affinity“I was never so frightened as I am now.”

I occasionally catch myself saying, perhaps somewhat boastfully, that I’ll read anything. I’m usually only moments later forced to eat my words. Sarah Waters is, of course, an author whose name I know but historical fiction is something that I would never buy for myself. Fortunately, for Valentine’s Day this year, the other half and I bought one another books that we loved for the other to read, in an attempt I suppose to get to know each other better and understand where we’re coming from, via a literary perspective.

And so this is how I found myself suddenly reading Waters. Affinity is not one of hers I knew (although every time I’ve stepped into a bookshop in the last few years I swear I’ve seen at least ten copies of The Little Stranger on display) so I went into it basically blind, going only on the blurb.

Affinity transports us to London in the 1870s, a city shrouded in thick, choking fog and a class system so divided that it may already be the Morlocks and Eloi. The story has two narrators. The first is Margaret Prior, a well-to-do young lady who is struggling to deal with the sudden death of her father. She is perhaps a little disturbed and, to take her mind from her boring life – and to escape the endless wedding preparations of her sister Pris – becomes a Lady Visitor to the women’s prison of Millbank, attending to some of the inmates and hearing their stories, giving them a chance to speak out. One of these is Selina Dawes, a spiritualist who has been imprisoned for attacking a young girl and killing the lady she lived with. She, however, claims that she is innocent, and that the actions were performed by the spirit folk, in particular one brutish and dangerous spirit called Peter Quick.

Selina is the second narrator, although her chapters reveal what happened before she was put in gaol, explaining how she got herself mixed up in the sorry mess and how she developed her skills as a spiritualist. She learns tricks to make people believe that she is summoning those from beyond the mortal realm, but there’s a certain ambiguity about the whole thing – is she entirely a fraud, or is there some truth to what she says?

Margaret is captivated by Selina and, in a state of emotional weakness, begins to fall in love with her. Selina reciprocates her feelings and the soon neither can sleep or function because they are consumed with thoughts of the others. Selina begins using her powers to send gifts to Margaret, who is at first scared, but later realises that she cannot live without Selina. A plan begins to form, but escaping from gaol is not easy – not even with the guide of the spirits…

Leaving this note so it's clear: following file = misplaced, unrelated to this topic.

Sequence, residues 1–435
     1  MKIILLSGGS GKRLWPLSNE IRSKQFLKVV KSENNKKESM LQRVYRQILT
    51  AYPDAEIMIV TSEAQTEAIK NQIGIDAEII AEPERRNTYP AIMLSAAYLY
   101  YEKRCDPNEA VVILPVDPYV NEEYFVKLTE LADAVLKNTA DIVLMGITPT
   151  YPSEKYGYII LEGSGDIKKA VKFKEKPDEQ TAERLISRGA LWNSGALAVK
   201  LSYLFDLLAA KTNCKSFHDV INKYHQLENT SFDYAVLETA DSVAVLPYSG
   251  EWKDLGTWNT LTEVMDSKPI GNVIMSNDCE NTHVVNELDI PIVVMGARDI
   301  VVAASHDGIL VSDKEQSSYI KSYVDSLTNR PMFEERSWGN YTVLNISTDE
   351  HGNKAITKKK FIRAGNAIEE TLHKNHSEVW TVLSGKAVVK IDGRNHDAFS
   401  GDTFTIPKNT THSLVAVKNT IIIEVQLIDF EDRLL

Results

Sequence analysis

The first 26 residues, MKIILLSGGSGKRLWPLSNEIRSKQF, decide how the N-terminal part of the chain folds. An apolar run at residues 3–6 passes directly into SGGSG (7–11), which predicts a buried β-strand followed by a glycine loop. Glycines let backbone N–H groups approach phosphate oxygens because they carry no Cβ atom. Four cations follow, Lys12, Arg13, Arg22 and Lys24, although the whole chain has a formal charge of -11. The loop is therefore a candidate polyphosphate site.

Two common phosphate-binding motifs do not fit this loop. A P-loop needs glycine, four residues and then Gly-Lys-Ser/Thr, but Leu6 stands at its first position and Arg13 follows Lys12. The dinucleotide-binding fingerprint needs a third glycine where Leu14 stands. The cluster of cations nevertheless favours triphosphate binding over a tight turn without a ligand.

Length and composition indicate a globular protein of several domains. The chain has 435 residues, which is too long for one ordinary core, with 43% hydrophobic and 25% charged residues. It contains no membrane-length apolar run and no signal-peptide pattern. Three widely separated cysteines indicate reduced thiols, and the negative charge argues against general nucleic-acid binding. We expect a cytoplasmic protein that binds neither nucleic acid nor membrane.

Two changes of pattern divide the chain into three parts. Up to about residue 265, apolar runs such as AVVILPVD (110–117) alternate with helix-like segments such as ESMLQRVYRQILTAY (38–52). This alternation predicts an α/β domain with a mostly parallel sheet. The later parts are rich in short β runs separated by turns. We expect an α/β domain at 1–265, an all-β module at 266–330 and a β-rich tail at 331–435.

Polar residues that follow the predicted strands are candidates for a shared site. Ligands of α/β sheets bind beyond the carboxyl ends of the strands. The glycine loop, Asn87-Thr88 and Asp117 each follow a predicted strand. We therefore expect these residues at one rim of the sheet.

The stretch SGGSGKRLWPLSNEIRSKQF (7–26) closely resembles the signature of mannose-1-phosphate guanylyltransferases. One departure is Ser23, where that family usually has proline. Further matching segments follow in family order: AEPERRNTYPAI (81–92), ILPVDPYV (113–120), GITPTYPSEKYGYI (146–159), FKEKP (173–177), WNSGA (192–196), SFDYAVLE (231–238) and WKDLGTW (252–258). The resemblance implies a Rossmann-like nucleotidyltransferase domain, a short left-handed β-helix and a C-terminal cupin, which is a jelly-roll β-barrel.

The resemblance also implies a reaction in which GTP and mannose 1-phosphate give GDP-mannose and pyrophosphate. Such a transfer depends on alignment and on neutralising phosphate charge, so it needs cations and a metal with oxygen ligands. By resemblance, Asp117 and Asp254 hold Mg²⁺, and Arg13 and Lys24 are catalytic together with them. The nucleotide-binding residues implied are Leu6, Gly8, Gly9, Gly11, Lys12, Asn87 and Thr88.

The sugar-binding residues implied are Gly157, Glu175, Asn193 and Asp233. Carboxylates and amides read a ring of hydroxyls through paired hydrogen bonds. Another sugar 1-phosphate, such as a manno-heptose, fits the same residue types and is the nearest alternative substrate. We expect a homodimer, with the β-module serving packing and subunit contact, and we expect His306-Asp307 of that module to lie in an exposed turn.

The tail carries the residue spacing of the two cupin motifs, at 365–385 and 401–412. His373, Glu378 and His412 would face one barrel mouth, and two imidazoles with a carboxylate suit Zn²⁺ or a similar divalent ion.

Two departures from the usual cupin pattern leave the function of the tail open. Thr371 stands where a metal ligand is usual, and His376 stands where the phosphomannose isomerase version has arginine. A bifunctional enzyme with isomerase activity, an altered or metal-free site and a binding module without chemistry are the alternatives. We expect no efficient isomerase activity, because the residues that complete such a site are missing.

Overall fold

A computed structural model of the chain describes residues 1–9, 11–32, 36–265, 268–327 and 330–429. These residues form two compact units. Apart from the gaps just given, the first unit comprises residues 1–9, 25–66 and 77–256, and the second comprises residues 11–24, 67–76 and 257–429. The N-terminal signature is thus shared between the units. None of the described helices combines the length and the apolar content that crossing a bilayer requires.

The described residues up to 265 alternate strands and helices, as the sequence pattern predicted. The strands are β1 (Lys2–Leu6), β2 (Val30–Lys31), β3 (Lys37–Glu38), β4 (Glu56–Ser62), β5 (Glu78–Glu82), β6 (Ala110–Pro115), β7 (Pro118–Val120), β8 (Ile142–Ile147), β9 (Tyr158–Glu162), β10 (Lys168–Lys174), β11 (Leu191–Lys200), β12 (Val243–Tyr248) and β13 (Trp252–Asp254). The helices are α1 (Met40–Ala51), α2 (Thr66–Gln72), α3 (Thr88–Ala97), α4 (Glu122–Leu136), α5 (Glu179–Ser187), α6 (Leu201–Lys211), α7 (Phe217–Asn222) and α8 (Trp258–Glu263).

It’s a slow burner and takes a long while to get going, but once it does, it’s definitely enjoyable, and the twist at the end is a wonderful pay off. I had no idea where it was going until it happened, although I had a suspicion that, thankfully, turned out to be wrong. There is much ambiguity within the novel, both in the relationship between the main characters (this is, of course, Victorian London, and lesbianism isn’t exactly freely discussed) and in the talents of the spiritualists. Is Peter Quick real, or is he entirely constructed from Selina’s mind? There’s potentially a case for both sides of the argument, and Waters is certainly not going to give away all the answers.

The book also is notable for containing very few male characters of any importance. There are probably only five or six that recieve names and any sort of description, compared to the scores of women prisoners, wardens, family members, visitors to Selina’s “dark circles” and servants that populate the novel. This merely adds another reminder to us that this is a story about women and their struggle. Britain at this time is not yet as liberal as it will become (and, let’s be honest, we’ve still got quite some way to go), and the stress of hiding her true self does some dreadful things to Margaret. I’d be hard-pushed to call it a love story. It shows the more dangerous, but just as realistic side of love – all-consuming, all-powerful and prone to making even the most innocent-seeming people perform deeds that don’t align with their moral code.

All in all, it’s captivating enough to be a page turner, but don’t go into it for a quick read. The descriptions are great, and the characters realised enough – some more than others, of course, depending on their narrative importance – and the dense text sucks you into the horror that is Millbank prison. A nice touch is also the occasional mention of the cloying fog that shrouds the city, further emphasising that London is all about secrets and there is always something hidden from view. So while it’s a somewhat claustrophobic novel, and I wouldn’t say it’s particularly happy either, it’s well-written, powerful and generally a very interesting read.